As the day climbs into the afternoon, the sun’s rays beat down against the city’s stout, colonial buildings and cast such crisp shadows that it feels like I'm walking through a South American film noir in color. As the heat rises, the city grows noticeably still, and then suddenly at around 2 p.m., the shutters come down, and everyone retreats inside for their daily siesta. A few hours later, it starts all over again — the city awakens twice daily.
The cycle of quiet, followed by bursts of life, is in the city’s DNA. The province has always had a back and forth of growth and conflict. Salta was founded in the late 1500s by Spanish colonizers to connect the political center of Lima, the opulent silver industries of Sucre and Potosí, and the far-flung Atlantic port of Buenos Aires. An alliance of Indigenous tribes called the Diaguita Confederation controlled the adjacent Calchaquí Valleys of Salta and southern neighbors Tucumán and Catamarca since approximately 800 CE, and beginning in the mid-sixteenth century, they successfully displaced and dismantled colonizer settlements during 100 years of war.
By the eighteenth century, Salta was the golden child of the viceroyalty — the population ballooned as it grew into a strategic commercial center between Alto Perú and Buenos Aires. But the nation’s War of Independence left the city in ruins for most of the nineteenth century until a new railroad system brought immigrants from Italy, Spain, and the Levant.
Much of the city’s central Plaza 9 de Julio was finished at that time: The Cathedral of Salta with its pink facade that blends into the sky at sunset; the Museum of High Altitude Archaeology with its extensive collection of figures that date back to the Inca Empire (and even includes three cryofrozen mummies); and the plaza’s transformation into the city’s garden with the planting of ceibo and orange trees, jasmine shrubs, and rose bushes. Today, the province is experiencing a rebirth from tourism and is one of the most visited places in the country.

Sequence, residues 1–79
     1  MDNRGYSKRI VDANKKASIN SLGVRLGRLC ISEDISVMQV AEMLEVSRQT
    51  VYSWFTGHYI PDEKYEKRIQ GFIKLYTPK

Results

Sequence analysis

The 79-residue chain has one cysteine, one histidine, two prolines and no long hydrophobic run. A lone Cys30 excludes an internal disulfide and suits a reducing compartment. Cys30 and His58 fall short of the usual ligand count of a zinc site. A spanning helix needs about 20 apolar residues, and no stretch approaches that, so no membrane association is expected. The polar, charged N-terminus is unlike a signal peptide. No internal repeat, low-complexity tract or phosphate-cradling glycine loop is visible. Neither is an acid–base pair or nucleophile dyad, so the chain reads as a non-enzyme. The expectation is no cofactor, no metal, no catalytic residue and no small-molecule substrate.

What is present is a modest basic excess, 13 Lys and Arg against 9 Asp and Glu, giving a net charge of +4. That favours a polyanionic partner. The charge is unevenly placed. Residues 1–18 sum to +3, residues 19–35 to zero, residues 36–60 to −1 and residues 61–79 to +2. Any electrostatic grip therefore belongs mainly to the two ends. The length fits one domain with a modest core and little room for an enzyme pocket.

It’s a three-hour drive through a sea of otherworldly red and pink rock formations to the town of Cafayate, home to more than 20 wineries. Over the last few years, the town has transformed into a wine and food destination, and although it is still crowded with old-school dives and traditional wineries, there are ever-more-visible new and innovative culinary arrivals.
At Pacha, a restaurant right off the town’s main plaza, husband-wife duo Tomás Casado and Soledad Garcia pull from years of fine dining gigs across Mexico, Bolivia, France, and Spain. The menu constantly changes in favor of local ingredients purchased directly from small farms from across the valley, many of which Casado personally picks up himself, sometimes from as far away as 500 kilometers. My table was filled with earthy peanut stew, a salad made with three varieties of native potatoes, and crispy roast chicken with bittersweet brown mole made with seven local chiles.
On the edge of town, I am greeted at the gates of Utama by Sacha Haro Galli, a second-generation natural winemaker and ceramist. When he isn’t busy tending to his quarter acre of Torrontés, malbec, and cabernet sauvignon that taste like the red peppercorn tree that looks over his vineyard, he is in his workshop sculpting figurines and murals out of clay he makes himself with rocks that he picks from the surrounding hills. If you pay enough attention, you’ll spot his work all over town.